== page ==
Fayetteville's Solar Test Bed

Thinking Green

By John Coleman

Library set to install region’s largest solar array

One of the incredible things about living in a town with a major research university is the endless opportunities for collaboration. The latest news from the Fayetteville Public Library is a striking example of capitalizing on such an occasion.
On St. Patty’s Day, Louise Schaper, the executive director of the library, announced the library had been selected by the International City/County Manager’s Association in partnership with the Bill and Melinda Gates Foundation to receive a $60,000 grant. This grant will go towards the installation of about 50 solar panels on this already magnificent building.
At first blush, this may not seem like a big deal. After all, solar has been in use all over the country since the 1970s, but the details of this project and future potential that lies within are what set it apart.
The aptly titled “Solar Test Bed” was born from a holiday party conversation between Len and Louise Schaper and Len’s colleague at the University of Arkansas College of Engineering, Dr. Alan Mantooth.
Library staff members have longed for a solar application, and one of Mantooth’s former students recently had developed an energy inverter that needed a showcase. The grant provided a prime opportunity to make each of these ambitions a reality.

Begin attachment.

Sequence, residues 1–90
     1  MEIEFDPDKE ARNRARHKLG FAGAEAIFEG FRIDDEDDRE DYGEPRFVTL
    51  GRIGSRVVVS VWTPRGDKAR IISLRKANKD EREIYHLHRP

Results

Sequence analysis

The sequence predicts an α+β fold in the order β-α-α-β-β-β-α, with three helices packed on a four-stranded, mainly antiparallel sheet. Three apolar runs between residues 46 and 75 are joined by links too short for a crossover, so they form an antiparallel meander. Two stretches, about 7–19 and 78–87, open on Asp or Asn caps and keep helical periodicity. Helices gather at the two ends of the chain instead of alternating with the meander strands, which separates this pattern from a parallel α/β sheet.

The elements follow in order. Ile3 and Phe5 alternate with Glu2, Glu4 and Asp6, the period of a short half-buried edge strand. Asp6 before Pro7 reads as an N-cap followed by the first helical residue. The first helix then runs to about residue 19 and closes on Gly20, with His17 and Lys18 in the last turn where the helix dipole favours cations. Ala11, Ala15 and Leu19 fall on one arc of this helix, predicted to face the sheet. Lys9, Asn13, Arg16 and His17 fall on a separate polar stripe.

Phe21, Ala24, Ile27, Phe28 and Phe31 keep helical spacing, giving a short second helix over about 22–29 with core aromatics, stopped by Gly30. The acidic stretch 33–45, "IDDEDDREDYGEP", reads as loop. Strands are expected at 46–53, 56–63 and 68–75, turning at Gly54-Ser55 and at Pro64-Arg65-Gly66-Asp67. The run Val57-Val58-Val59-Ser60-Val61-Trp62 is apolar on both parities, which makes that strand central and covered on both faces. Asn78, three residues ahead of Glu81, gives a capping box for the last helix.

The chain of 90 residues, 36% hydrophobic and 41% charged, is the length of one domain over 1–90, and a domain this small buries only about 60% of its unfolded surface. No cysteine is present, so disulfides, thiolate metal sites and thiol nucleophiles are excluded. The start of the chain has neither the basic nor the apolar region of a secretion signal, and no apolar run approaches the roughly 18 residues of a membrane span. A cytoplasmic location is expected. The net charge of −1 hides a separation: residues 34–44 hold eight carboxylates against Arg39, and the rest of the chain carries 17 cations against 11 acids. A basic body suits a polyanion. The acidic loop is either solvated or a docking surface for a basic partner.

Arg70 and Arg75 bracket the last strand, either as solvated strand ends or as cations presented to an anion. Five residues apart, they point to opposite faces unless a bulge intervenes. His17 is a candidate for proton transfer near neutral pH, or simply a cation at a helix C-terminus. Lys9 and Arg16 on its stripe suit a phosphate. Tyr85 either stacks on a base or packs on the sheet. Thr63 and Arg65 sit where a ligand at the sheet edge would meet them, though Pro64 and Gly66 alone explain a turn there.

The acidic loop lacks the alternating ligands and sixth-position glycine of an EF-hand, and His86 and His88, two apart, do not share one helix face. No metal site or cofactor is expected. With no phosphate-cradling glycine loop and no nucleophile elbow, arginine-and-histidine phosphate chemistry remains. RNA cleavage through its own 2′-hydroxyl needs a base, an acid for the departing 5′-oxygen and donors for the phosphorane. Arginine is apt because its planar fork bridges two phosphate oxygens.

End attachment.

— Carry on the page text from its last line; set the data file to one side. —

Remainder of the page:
After a few weeks of brainstorming between the library, the city of Fayetteville, the university and Southwest Electric Power Co., the idea of the solar test bed emerged. Mechanical and electrical engineering students will design and install the array’s framework as part of a senior design class. And in late 2010, Arkansas Power Electronics International, a young startup company in the Research & Technology Park, will have its silicon carbide inverter ready to showcase its superior efficiency.
Because of the involvement of UA students and faculty, 95 percent of grant dollars will go towards solar panels with the remainder being spent on framing materials. This allows the library to maximize the amount of renewable energy that can be generated. At the same time, engineering students will get to cut their teeth on a renewable energy application that will be around for decades.
In the end, the array will provide enough energy to power the equivalent of two homes in Fayetteville, thereby reducing the library’s energy costs by about $5,000 a year; data will be made available through an education kiosk funded by a generous $8,500 grant from the Arkansas Energy Office. But what could prove to be most important is the opportunity to get APEI’s inverter on the market and help grow a Fayetteville-based company into a clean-technology leader.

John Coleman is the sustainability coordinator for the city of Fayetteville.

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